Epic Games and Google Are Fighting Over Fortnite’s Non-Exemption From Play Store Fees

There’s an interesting battle revolving around Fortnite. No, not in Fortnite. Around it. It’s a fight between Epic Games and Google.

Google’s Play Store has a standard 30 percent fee; it applies to all distributed games. Epic believes that Fortnite is exempt from this rule since it’s on a free-to-play system. However, that isn’t the case.

According to this report from The Verge, Google publicly noted that the Android platform requires publishers — all publishers — to follow the Play Store terms. It states that it’s beneficial when it comes to how Google reinvests in the platform to continue its growth.

“Android enables multiple app stores and choices for developers to distribute apps. Google Play has a business model and billing policy that allow us to invest in our platform and tools to help developers build successful businesses while keeping users safe,” a Google spokesperson explained. “We welcome any developer that recognizes the value of Google Play and expect them to participate under the same terms as other developers.”

Epic responded, “Epic doesn’t seek a special exception for ourselves; rather we expect to see a general change to smartphone industry practices in this regard. We have asked that Google not enforce its publicly stated expectation that products distributed through Google Play use Google’s payment service for in-app purchase. We believe this form of tying of a mandatory payment service with a 30% fee is illegal in the case of a distribution platform with over 50% market share.”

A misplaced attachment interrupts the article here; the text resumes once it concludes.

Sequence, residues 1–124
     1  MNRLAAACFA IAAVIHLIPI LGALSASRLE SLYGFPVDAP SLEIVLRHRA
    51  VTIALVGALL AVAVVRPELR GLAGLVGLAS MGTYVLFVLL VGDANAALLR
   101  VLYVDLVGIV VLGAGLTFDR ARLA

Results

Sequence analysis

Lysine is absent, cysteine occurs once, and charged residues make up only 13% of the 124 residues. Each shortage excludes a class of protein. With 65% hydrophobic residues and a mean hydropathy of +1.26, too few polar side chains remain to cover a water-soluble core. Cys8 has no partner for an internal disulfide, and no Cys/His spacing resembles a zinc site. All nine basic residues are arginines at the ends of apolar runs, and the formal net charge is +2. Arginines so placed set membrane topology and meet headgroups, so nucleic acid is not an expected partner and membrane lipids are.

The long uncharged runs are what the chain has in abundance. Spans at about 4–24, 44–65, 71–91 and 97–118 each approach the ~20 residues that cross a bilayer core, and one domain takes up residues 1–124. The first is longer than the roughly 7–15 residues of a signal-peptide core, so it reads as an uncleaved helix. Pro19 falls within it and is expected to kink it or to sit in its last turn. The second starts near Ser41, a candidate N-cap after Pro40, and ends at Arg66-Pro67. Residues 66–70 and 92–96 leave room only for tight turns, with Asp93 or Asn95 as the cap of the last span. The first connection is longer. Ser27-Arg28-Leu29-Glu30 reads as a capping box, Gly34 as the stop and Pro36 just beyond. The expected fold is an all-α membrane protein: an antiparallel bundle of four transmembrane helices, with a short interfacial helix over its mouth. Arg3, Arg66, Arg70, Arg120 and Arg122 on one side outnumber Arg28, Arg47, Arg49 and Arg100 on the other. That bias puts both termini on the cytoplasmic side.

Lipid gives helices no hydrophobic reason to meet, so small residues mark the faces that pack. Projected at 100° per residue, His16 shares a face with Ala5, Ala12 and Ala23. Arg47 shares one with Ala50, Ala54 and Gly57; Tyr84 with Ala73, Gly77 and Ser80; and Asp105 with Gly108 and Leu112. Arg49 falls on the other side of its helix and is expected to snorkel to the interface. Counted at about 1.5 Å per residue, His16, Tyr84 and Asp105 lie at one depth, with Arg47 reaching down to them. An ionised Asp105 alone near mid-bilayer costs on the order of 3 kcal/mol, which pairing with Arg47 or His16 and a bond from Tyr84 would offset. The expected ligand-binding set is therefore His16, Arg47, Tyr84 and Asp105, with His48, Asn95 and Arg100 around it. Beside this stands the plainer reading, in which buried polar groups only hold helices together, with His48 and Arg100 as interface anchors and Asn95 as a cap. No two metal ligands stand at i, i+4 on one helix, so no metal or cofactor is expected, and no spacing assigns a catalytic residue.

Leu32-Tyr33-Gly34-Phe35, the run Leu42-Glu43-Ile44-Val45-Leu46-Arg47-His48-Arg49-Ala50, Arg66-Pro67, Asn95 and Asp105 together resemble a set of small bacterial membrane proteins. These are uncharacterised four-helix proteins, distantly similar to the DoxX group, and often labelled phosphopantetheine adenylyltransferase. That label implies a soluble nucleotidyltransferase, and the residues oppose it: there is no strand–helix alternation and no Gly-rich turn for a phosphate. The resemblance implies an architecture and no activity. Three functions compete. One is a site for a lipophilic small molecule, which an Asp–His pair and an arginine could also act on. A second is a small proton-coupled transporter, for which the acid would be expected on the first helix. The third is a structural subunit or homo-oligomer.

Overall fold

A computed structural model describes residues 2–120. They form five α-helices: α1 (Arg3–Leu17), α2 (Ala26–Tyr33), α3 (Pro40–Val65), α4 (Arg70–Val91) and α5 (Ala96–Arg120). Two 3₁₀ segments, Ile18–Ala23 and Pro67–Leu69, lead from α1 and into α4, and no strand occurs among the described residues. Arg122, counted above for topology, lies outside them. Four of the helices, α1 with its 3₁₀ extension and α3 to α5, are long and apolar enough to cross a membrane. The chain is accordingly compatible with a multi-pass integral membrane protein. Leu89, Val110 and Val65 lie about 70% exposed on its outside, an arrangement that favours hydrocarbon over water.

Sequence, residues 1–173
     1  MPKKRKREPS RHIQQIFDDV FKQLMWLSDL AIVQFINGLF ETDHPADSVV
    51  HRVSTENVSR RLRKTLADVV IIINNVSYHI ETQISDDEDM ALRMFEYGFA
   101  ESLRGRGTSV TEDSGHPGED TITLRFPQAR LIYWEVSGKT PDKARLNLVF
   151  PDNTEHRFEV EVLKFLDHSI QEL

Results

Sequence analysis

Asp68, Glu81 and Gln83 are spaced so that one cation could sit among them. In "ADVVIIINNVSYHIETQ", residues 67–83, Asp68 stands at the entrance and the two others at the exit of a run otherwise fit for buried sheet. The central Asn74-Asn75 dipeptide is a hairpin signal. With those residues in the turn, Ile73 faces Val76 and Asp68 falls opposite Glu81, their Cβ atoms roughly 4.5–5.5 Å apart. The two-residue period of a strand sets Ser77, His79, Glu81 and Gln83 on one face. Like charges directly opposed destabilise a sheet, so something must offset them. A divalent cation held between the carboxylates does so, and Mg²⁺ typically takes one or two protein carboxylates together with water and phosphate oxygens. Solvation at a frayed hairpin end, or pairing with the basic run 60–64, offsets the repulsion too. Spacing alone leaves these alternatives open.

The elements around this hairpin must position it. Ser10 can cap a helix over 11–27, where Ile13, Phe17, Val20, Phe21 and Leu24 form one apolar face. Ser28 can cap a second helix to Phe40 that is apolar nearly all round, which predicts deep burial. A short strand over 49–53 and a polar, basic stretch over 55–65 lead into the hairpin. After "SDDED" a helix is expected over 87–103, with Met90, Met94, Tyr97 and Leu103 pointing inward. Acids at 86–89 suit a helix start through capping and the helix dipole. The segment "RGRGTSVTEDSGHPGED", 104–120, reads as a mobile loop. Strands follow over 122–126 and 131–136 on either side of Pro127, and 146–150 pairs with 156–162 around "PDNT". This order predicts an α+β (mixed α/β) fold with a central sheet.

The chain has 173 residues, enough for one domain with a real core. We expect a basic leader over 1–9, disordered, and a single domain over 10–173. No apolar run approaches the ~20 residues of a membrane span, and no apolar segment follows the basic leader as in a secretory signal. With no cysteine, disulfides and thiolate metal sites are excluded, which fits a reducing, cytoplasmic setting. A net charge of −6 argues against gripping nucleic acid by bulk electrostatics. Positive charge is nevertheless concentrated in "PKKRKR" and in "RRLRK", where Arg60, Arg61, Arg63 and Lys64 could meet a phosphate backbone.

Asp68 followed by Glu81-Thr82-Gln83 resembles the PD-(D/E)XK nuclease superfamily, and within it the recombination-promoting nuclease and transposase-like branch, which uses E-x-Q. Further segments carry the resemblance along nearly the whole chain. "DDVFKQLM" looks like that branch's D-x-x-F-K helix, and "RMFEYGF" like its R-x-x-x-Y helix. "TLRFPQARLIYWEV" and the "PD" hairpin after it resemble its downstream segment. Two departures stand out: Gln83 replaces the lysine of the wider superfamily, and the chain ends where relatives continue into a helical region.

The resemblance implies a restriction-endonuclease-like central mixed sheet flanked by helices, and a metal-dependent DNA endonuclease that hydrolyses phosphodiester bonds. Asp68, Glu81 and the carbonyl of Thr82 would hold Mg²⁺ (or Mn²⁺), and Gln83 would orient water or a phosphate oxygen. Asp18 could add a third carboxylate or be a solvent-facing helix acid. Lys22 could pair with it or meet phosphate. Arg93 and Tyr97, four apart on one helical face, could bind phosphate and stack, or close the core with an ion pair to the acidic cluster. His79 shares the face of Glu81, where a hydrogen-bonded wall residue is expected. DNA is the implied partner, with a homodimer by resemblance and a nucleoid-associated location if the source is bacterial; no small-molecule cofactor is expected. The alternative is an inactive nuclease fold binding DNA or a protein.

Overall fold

It also brought up how Google Play’s Developer Distribution Agreement doesn’t require developers to use Google payments, but only references certain non-contractual documents asking developers to do so.

Google fired back, stating that Epic didn’t ask for such an exemption from Apple for the iOS version of the game. It also notes that the Play Store’s capability of promoting apps and providing technical testing and tools is the reason the 30 percent cut is a necessity.

It doesn’t appear that either company seems ready to budge, which leaves Fortnite’s future in the Play Store up in the air. For now, it looks like Epic will stay on the independent front — but we’ll see if things change.